You will notice two major differences between what my advisor had originally proposed, and what we ended up getting. The Canadian Energy Index is absent and the TD Canadian Bond Fund is in there as a significant fixed income component. The only change I wanted but I didn’t get, was the use of the Rydex Equal Weight ETF (RSP) instead of CI Value Trust. He seemed to really want to go with that so I let it be. He is interested in RSP though and will look into it some more. He felt it was not much different from a mid-cap index like MDY. If you look at a past performance comparison between MDY and RSP (before dividends) they look pretty similar.
Costs: I paid $75 commision (advised trade to get the iUnits S&P/TSX 60 ETF) and $0 for the mutual funds. As I said in a previous post, mutual funds at Clearsight are all essentially no-load because they buy front-load funds and charge no front-load sales charge.
Saw an interesting ad on my site today. It was to a sign-up page for an ICICI HiSAVE Bank account. I have never heard of them before, but they offer a high-interest rate savings account (HiSAVE) paying 3.5% (ING Direct Canada is currently paying 3.0%) and they offer a one-time $20 credit for signing up. Here is the fine-print on the $20 bonus:
$20 Bonus Offer valid only for new HiSAVE Savings Account opened online, by phone or by mail. Accounts opened through branches are not eligible. Limit one bonus per new account (including joint account). Minimum initial deposit of $100 required. Deposit bonus for U.S. Dollar HiSAVE Savings Account is paid in U.S. Dollar. Bonus will be credited within 30 days from the date the initial deposit is cleared and the account is officially opened by ICICI Bank Canada in its sole discretion. Application criteria apply. Offer may be modified or cancelled at any time. May not be combined with other offers. Only Canadian Dollar deposits are covered by CDIC.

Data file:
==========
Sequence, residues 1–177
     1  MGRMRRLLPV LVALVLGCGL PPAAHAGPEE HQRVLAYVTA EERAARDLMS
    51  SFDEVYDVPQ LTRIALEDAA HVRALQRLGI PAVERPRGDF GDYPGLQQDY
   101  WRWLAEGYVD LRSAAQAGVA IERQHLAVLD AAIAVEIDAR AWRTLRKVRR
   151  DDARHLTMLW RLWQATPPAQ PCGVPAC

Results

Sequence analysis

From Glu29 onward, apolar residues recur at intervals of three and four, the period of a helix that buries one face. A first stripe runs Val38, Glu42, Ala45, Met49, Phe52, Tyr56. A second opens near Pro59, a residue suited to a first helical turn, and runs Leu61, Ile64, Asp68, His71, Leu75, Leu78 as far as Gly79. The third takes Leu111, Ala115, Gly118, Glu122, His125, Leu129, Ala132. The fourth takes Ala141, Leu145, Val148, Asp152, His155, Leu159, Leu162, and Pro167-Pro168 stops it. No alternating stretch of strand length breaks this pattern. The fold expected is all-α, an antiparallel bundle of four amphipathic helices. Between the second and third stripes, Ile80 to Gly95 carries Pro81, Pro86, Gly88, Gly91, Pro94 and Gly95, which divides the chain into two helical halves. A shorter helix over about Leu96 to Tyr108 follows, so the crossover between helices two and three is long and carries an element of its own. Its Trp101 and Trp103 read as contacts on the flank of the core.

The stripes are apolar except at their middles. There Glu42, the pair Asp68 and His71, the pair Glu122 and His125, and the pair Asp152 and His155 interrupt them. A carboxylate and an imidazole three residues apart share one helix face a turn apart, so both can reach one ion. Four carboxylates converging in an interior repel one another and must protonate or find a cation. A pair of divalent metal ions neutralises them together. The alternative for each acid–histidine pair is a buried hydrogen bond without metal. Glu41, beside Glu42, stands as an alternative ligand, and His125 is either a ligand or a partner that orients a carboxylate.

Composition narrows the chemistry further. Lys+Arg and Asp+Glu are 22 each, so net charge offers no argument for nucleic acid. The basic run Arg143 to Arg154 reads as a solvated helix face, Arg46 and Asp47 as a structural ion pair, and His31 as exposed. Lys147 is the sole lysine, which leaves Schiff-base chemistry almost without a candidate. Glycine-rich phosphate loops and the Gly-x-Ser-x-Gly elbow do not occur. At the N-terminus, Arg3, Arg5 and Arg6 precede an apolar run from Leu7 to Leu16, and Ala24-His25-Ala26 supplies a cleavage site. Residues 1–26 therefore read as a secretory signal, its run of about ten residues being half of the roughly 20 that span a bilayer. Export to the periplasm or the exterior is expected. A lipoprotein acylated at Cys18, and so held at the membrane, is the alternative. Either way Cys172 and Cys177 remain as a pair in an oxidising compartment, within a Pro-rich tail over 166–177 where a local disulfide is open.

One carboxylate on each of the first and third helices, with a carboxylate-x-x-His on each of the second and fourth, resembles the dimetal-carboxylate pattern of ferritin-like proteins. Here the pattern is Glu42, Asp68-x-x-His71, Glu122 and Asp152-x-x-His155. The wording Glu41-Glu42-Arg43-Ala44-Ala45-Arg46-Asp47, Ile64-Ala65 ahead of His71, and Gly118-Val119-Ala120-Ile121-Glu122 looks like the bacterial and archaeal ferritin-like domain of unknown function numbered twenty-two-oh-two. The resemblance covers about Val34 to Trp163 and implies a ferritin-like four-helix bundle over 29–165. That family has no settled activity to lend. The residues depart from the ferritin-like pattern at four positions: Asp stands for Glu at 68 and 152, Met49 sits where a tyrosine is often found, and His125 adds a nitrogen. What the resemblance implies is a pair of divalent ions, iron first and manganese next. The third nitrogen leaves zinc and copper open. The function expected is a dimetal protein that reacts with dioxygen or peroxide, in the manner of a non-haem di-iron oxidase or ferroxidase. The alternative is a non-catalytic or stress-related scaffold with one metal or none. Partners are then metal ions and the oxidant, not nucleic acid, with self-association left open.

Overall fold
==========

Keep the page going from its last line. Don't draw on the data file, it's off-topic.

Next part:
What is ICICI bank? Apparently ICI is India’s second largest bank. You can read all about ICICI and its history here. Will ING Direct soon outsource it’s customer service department overseas in an effort to compete with a company like ICI, based out of India? Or does ICICI have a customer service department based in Canada?
According to this article in the Globe & Mail,
“Capital gains tax to stay?” it doesn’t look like the capital gains tax will be gone any time soon, as the Conservatives promised while on the campaign trail early this year. They had promised specifically for “the elimination of the tax on capital gains reinvested within six months.”
Cutting the capital gains tax is such a complex undertaking that it may not be finalized in time for the federal budget expected next month, Finance Minister Jim Flaherty suggested yesterday.
The elimination of the tax on capital gains reinvested within six months was a key Conservative Party election promise, aimed at driving economic growth by rewarding Canadians who reinvest their money to create jobs.
After a speech to the Surrey Chamber of Commerce yesterday, Mr. Flaherty would not confirm that the capital gains proposal would not be in the budget. But he admitted that the government is still holding consultations on how to make the changes.
“I would be less than candid with you if I said that that was not quite challenging to accomplish in the short term,” he said.
Hints of a delay follows recent speculation that the capital gains tax program needs to be reworked or narrowed in scope, otherwise it could end up costing Ottawa between $1-billion and $2-billion annually.
Still, Mr. Flaherty said the Conservatives are committed to keeping all of their election promises on taxes, which included reductions in the good and services tax.